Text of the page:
|Posted by Andy on April 2, 2012 at 6:20 PM|
Austro-Hungary and the Caribbean
(Reprinted with kind permission from the March 19, 1892 edition of the Grosse Austrian Gazette)
By Gerd Maloins
Beginning with the Crimean War (1853-1856), a resurgent Austria-Hungary has enjoyed, first as just the Austrian Empire, and later with the dual monarchy, a larger role in the world. No less so than in the Caribbean. How did the Austrians and Hungarians come to these waters?
Having sided with Russia in the Crimean conflict, and subsequently having enjoyed victory in the Austro-Prussian War of 1866, Austria joined Hungary in 1867 to form the Austro-Hungarian Empire, joining two great powers into a stronger whole.
With the 1889 invention of R-Matter conversion, so important in today's lighter-than-air flight, and the subsequent rush to acquire raw materials to convert to R-Matter, the young and wealthy Austro-Hungarian Empire found an opportunity for geo-political expansion.
Great Britain had plenty of natural resources at its disposal, given its world-wide empire, but lacked the sizable capital assets needed to finance a rapid conversion of its powerful naval fleets to aero-capability.
The sometimes controversial 1889 Grenadine Purchase was the result, selling the British possessions of St. Vincent and the Grenadines to Austro-Hungary for an undisclosed amount.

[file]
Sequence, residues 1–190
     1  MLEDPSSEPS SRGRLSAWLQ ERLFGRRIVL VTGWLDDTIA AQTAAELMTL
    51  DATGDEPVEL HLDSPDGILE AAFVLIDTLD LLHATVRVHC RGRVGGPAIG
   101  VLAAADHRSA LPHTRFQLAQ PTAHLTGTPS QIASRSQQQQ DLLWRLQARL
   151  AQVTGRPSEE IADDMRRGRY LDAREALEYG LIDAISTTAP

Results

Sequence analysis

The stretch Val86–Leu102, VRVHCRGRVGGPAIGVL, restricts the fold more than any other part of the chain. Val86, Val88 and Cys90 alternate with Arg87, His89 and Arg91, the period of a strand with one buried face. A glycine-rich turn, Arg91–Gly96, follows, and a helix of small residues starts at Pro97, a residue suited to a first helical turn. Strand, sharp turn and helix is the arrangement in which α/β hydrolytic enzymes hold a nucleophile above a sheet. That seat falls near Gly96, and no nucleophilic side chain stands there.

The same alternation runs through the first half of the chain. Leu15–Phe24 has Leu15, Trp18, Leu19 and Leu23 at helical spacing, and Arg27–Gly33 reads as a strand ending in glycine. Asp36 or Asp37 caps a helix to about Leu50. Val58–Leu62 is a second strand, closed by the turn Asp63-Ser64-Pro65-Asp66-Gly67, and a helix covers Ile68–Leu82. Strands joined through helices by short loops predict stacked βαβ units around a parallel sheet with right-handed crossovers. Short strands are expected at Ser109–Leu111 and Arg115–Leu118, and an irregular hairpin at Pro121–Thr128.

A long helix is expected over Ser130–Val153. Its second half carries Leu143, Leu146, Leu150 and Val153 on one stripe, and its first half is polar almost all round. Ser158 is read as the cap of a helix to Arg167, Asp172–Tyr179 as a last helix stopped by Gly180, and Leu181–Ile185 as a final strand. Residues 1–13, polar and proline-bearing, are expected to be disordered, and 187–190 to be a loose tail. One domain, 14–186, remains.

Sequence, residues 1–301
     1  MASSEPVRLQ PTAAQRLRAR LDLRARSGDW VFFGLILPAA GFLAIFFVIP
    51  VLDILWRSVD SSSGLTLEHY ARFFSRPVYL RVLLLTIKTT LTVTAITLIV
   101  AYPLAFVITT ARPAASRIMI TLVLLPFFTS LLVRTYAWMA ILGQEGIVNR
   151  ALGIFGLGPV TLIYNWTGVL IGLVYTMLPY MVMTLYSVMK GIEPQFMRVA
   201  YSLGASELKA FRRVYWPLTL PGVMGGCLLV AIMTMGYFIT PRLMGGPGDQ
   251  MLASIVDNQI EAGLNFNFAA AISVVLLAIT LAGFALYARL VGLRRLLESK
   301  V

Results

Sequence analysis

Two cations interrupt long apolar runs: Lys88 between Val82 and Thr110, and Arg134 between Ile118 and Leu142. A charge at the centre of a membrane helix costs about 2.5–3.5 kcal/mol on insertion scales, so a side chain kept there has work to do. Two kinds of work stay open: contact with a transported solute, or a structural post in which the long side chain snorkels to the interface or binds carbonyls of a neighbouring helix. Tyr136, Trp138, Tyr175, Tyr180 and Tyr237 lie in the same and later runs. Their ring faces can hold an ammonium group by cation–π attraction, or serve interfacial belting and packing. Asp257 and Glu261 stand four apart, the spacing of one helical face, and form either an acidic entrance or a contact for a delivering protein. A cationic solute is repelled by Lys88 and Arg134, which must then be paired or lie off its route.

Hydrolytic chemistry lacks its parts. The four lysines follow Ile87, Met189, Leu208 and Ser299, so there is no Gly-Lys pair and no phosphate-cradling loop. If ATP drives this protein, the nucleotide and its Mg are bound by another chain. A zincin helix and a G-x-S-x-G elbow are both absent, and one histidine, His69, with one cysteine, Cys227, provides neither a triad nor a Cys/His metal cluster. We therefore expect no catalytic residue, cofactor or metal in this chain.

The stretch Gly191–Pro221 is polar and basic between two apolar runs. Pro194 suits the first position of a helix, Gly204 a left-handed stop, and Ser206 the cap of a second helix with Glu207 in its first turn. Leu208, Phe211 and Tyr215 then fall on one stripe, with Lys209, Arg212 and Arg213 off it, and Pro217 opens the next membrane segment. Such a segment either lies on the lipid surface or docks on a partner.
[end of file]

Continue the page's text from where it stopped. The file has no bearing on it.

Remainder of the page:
In 1890 war came to Europe as France allied herself with Germany and the two prepared for an invasion of Great Britain. As a precursor to that conflict, however, the French lured Great Britain into a false sense of security when they collaborated together on the surprise attack on Perle Hafen, capital city of Neu Wien, in the renamed Szent Katerina Caribbean islands.
Soon after, France and Germany used Great Britain’s complicity in the Perle Hafen affair to accuse the British government of untrustworthiness, which gave them added justification in declariing war, and subsequently deprived Britain of an ally in Vienna.
The so-called 10-Month-War ended with the Treaty of St. Pertersburg in 1891, as France and Germany concluded that they could not secure air superiority over the British Isles, a necessary pre-requisite for invasion.
HRH Prince George